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Will you be my train friend?

This contribution is a follow-up to my post about commuting by rail in Mumbai. Let's talk about community, networks, communication—and specifically, let's talk about "train friends."

Photo of Karolle Rabarison
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This contribution is a follow-up to my post about commuting by rail in Mumbai: Mumbai Local, Ladies' Special. 

Haven't yet had a chance to dedicate a block of time for structured interviews. So far I've enlisted a translator willing to spend an afternoon with me in the Mumbai Local's second-class ladies' car and major stations, chatting with and learning from frequent travelers. Hopefully the two of us can coordinate a time soon!

Meanwhile, I'm still commuting by train daily, which gives me at least 40 minutes a day to strike up a conversation with fellow commuters and to learn something new, even if not within a formal interview capacity. And sometimes, I learn a lot not by discussing but by simply taking out my earphones and listening to those around me. And so the train stories continue.

In response to my previous post, Eugenia Lee asked:  What other aspects of the train appeal to them past the immediate obvious ones, and how does it possibly tie into the greater concept of what safety means?

Here's the beginning of an answer.

The obvious answer is that trains are convenient (time-wise, not comfort-wise) and affordable. But "getting there" is only part of the story. A bonus appeal of commuting by the Mumbai Local is the community you fall into, what Mumbaikars call "train friends." Like with any city, Mumbai offers many ways to make friends. Here you can have your work friends, school friends, neighbor friends, bar friends, etc. –  and train friends.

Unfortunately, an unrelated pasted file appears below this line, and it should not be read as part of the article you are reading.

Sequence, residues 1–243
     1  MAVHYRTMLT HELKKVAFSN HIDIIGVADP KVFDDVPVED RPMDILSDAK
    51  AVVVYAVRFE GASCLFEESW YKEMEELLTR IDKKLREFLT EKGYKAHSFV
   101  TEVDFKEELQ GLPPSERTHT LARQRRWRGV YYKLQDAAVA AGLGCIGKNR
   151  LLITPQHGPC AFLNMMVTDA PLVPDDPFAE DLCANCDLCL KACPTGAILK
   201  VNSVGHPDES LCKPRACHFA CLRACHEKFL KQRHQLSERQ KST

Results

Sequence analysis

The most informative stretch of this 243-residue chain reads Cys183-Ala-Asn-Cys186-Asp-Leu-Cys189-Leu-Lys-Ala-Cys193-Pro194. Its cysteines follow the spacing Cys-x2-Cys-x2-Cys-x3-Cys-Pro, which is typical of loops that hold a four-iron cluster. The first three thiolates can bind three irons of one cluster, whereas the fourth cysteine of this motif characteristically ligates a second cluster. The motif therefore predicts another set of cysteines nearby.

What I've learned about train friends:
  • Strangers become train friends by commuting in the same compartment of the same train at the same time each day. For example, you'd find a train friendgroup on the slow train to Churchgate that picks up at Andheri at 8:18am, or the Thane-bound 7:21pm slow from CST. The times are that specific. During rush hour(s), a train arrives at the platform approx. every three minutes.
  • These friendships form organically. When you're sitting/standing/squished by the same person several days a week, one of you will eventually say hello and small talk. 
  • The Indian work day is Mon-Sat. So each week train friends may hang out six times, each way.
  • "Hang out" means small talk about office life and what's new with family, sharing a snack like an orange or bag of chips, reading the morning paper together, etc.
  • In India no topic is off limits, and train friends get to know intimate details of each other's lives. This not-so-small-talk atmosphere contrasts my experience riding the metro/subway/tube in DC, NYC, and London – there, everyone minds their own business.
  • The most interesting bit: With the proliferation of mobile phones, train friends (and strangers) can interact even if they end up on opposite sides of the car. For smartphone users, there are now Whatsapp groups for train friends  e.g. for the 8th compartment of the 9:07am fast from Bandra.

Let that last info sink in, marinate, for a minute.

Now let's revisit the latter part of Eugenia's question. How might train friends tie into the greater concept of safety in the city, especially for women and girls? 

And what other unique, organically-formed, community networks exist that might promote safety in a city?


Join the conversation:

Photo of Meena Kadri

Great insights on connections formed on transport, Karolle. Looking forward to finding out what else you learn.

(and you're making me miss Mumbai trains. I also made many train friends when working at Dharavi. Mostly Dabbawallas due to the fact that the first time I took a train out there, I accidentally jumped on the carriage for folks with large pieces of luggage. Ended up being so insightful that I often snuck onto that carriage to discover more. Amazing what you can learn from people during the temporary confinement of transit)

Photo of Karolle Rabarison

Meena, I can only imagine the great stories the dabbawallas must have shared with you!

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